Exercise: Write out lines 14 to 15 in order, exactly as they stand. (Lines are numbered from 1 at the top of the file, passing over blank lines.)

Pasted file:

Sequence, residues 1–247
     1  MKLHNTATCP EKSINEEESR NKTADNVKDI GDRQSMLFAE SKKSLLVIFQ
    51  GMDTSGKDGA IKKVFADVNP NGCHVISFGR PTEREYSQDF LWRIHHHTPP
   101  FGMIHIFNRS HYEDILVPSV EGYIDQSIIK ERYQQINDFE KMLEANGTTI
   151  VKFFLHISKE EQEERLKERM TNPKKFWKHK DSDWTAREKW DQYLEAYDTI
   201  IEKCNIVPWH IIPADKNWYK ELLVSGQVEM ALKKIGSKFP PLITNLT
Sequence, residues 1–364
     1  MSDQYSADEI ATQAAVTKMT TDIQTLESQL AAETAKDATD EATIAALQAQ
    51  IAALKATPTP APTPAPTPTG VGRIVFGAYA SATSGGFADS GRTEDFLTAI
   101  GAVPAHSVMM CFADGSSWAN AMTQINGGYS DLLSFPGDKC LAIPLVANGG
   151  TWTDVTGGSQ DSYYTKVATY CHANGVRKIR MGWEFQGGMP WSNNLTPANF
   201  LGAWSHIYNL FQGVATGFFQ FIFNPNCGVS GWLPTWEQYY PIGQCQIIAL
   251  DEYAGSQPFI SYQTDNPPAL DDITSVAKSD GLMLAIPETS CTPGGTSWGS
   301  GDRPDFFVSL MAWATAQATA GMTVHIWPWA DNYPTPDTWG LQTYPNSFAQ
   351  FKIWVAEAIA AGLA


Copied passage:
   301  GDRPDFFVSL MAWATAQATA GMTVHIWPWA DNYPTPDTWG LQTYPNSFAQ
   351  FKIWVAEAIA AGLA